Back to Top Skip to main content

Noise impact on hearing loss

Noise exposure in the military can occur 24 hours a day, such as during flight operations, even in off-duty areas. (U.S. Air Force file photo) Noise exposure in the military can occur 24 hours a day, such as during flight operations, even in off-duty areas. (U.S. Air Force file photo)

Recommended Content:

Hearing Loss

DAYTON, Ohio — Protecting service members from noise-induced hearing loss is an ongoing focus of the Department of Defense as hearing loss is the number one disability among veterans. Noise exposure in the military can occur 24 hours a day, such as during flight operations, even in off-duty areas. For example, noise measurements in berthing areas of aircraft carriers have been found to exceed current hearing protection standards during flight operations, bringing into question what constitutes acceptable noise levels during off-duty periods following occupational noise exposures. More research is needed to understand what level of noise is sufficient during daily “effective quiet” periods that would allow for auditory recovery and prevent permanent hearing loss.

Researchers from Naval Medical Research Unit - Dayton’s Environmental Health Effects Laboratory are evaluating the impact of military-relevant 24 hour noise exposures on hearing loss.

A project funded by the Navy In-House Laboratory Independent Research Program is studying the effects of elevated steady noise levels during a recovery period (simulating the off-duty shipboard environment) after an eight hour high noise exposure at the occupational limit of 85 decibels time-weighted average. These noise exposures would not be expected to cause damage on their own, but in combination could impede auditory recovery and lead to permanent hearing loss after four weeks of exposure.

A separate study funded by the Defense Health Agency is focusing on the effects of steady and impulse noise exposures during the daily recovery period following occupationally relevant exposures to combined noise and inhaled chemical exposures.

There are many factors that can complicate risk assessment when it comes to noise exposure. Noise exposure itself is often complex and may consist of brief high-level noise impulses, in addition to steady elevated noise levels. Additionally, breathing in certain chemicals, such as the volatile organic compounds (VOCs) present in jet fuel, may worsen noise-induced hearing loss. It is unknown how these complex noise and chemical exposures will impact permanent changes in hearing, especially taking into account elevated noise levels during the auditory recovery period.

NAMRU-Dayton is currently developing a system that can study steady and impulse noise exposure for 24 hours a day with or without chemical exposure for a portion of that time. A noise generation system had been developed for prior studies at the lab, but the system was limited to use with short-term exposure chambers and could only generate steady noise. EHEL toxicologist, Dr. Andrew Keebaugh, is working with Air Force Capt. Lester Morales, a student at the Air Force Institute of Technology, to design and construct a noise exposure system capable of generating high-decibel impulse noise for use in these studies.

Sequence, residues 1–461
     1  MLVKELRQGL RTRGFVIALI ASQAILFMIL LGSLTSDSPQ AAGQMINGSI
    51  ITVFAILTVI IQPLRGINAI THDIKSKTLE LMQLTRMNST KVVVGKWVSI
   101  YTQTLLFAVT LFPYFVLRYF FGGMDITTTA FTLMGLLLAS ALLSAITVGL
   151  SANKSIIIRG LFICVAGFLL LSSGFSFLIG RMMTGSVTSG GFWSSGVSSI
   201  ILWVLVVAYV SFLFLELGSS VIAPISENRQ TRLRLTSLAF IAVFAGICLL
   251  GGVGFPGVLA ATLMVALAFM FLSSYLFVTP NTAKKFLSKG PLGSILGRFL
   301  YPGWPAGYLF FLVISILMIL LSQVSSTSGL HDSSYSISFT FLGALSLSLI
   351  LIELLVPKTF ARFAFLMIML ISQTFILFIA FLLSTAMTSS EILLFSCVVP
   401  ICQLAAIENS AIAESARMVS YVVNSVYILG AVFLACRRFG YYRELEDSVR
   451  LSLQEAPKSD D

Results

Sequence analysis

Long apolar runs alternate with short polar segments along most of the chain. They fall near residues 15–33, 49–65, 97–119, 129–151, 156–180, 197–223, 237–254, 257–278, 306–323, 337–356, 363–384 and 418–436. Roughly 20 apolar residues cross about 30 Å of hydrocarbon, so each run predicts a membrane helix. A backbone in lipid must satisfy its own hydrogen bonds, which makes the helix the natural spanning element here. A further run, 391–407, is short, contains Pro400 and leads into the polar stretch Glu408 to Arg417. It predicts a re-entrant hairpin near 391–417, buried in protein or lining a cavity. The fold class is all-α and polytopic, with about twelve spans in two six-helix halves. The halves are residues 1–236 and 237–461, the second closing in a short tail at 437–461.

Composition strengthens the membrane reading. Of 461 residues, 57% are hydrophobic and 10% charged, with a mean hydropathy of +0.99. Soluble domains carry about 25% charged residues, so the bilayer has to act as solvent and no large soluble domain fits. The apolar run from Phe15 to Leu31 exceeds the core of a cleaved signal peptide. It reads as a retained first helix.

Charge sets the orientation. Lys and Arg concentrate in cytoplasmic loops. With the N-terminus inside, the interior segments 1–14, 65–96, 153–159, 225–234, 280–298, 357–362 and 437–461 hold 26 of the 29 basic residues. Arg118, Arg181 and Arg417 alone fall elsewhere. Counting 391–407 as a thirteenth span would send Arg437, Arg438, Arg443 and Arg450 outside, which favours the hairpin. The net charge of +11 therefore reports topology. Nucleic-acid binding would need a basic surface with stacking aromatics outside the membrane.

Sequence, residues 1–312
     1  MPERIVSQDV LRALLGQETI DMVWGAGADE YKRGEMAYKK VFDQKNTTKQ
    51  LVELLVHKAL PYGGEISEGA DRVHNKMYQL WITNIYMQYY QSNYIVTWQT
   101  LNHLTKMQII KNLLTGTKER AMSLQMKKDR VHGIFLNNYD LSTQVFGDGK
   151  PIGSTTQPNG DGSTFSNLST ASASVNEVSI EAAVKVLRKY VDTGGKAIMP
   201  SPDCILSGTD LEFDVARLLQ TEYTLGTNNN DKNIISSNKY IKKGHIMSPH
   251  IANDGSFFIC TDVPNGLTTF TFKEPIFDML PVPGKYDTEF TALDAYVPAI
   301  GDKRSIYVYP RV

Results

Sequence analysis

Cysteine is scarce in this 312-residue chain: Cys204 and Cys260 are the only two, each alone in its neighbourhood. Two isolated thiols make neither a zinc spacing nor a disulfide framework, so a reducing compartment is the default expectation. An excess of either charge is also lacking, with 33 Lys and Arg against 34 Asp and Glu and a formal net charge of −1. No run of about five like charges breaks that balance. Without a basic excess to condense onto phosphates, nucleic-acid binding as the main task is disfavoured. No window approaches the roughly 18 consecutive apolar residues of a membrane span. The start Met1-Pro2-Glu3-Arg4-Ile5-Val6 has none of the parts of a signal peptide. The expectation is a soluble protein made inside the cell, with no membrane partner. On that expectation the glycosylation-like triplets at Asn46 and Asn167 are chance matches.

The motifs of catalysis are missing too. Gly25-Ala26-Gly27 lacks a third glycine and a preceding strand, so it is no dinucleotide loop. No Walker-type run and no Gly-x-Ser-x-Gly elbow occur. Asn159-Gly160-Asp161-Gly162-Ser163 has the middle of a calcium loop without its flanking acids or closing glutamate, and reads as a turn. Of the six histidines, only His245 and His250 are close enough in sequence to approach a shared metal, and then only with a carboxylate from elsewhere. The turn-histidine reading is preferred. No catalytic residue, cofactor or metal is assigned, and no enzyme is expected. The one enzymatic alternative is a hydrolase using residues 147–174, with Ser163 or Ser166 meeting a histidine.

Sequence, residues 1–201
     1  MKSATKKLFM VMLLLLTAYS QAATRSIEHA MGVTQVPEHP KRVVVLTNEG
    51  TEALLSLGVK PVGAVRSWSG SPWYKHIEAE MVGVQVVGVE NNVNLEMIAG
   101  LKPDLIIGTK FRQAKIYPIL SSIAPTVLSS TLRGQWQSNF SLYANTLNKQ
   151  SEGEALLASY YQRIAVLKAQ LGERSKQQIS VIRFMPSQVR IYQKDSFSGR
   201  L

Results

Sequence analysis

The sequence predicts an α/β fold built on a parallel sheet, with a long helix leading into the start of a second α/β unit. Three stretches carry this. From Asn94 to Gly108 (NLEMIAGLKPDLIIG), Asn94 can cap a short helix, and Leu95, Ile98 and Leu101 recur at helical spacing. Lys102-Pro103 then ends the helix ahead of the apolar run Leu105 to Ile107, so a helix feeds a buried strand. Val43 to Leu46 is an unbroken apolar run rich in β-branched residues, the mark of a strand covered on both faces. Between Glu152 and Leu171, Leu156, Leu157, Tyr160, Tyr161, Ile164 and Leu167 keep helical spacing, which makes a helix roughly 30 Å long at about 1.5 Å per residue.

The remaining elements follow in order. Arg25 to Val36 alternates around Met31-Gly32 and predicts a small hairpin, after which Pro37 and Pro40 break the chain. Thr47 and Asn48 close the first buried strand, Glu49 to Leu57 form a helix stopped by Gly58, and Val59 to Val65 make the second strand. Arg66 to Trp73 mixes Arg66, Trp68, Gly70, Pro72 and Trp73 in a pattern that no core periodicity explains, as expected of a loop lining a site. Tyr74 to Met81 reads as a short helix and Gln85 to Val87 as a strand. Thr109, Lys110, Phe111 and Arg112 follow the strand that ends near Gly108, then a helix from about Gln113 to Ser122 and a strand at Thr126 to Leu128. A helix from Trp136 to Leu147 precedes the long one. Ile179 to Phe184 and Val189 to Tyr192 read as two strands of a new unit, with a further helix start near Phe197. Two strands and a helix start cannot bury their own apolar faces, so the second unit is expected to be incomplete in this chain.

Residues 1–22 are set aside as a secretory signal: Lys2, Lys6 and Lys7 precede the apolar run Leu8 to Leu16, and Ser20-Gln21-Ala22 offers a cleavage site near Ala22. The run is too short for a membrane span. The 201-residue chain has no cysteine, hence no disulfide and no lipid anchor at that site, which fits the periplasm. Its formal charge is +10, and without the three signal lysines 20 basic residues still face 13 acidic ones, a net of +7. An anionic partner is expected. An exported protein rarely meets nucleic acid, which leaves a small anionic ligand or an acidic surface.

The research team at EHEL is committed to protecting service members from noise-induced hearing loss by using our unique facilities to support the effort.

Disclaimer: Re-published content may have been edited for length and clarity. Read original post.

You also may be interested in...

Exiting an A-10C Thunderbolt

Photo
9/30/2016
U.S. Air Force Senior Airman Judith Bulkley, an electrical and environmental systems specialist deployed from the 23rd Aircraft Maintenance Squadron, Moody Air Force Base, Ga., exits an A-10C Thunderbolt II after performing an external power operations check on the aircraft at Kandahar Airfield, Afghanistan. Because service members in particular are often exposed to high noise levels, hearing protection is crucial, especially with a TBI. (U.S. Air Force photo by Tech. Sgt. Stephen Schester)

U.S. Air Force Senior Airman Judith Bulkley, an electrical and environmental systems specialist deployed from the 23rd Aircraft Maintenance Squadron, Moody Air Force Base, Ga., exits an A-10C Thunderbolt II after performing an external power operations check on the aircraft at Kandahar Airfield, Afghanistan. Because service members in particular are often exposed to high noise levels, hearing protection is crucial, especially with a TBI. (U.S. Air Force photo by Tech. Sgt. Stephen Schester)

Recommended Content:

Hearing Loss | Traumatic Brain Injury

Lt. Col. James Morrison getting adjustments to cochlear implant

Photo
9/22/2016
Dr. Elizabeth Searing (right) makes initial adjustments via a computer to Lt. Col. James Morrison's cochlear implant. Dr. April Luxner, an audiologist with Cochlear Corporation, was on hand to witness Morrison's reactions to hearing with his right ear after 12 years of deafness. (U.S. Army photo by Jeff Troth)

Dr. Elizabeth Searing (right) makes initial adjustments via a computer to Lt. Col. James Morrison's cochlear implant. Dr. April Luxner, an audiologist with Cochlear Corporation, was on hand to witness Morrison's reactions to hearing with his right ear after 12 years of deafness. (U.S. Army photo by Jeff Troth)

Recommended Content:

Hearing Loss
<< < 1 > >> 
Showing results 1 - 2 Page 1 of 1

DHA Address: 7700 Arlington Boulevard | Suite 5101 | Falls Church, VA | 22042-5101

Some documents are presented in Portable Document Format (PDF). A PDF reader is required for viewing. Download a PDF Reader or learn more about PDFs.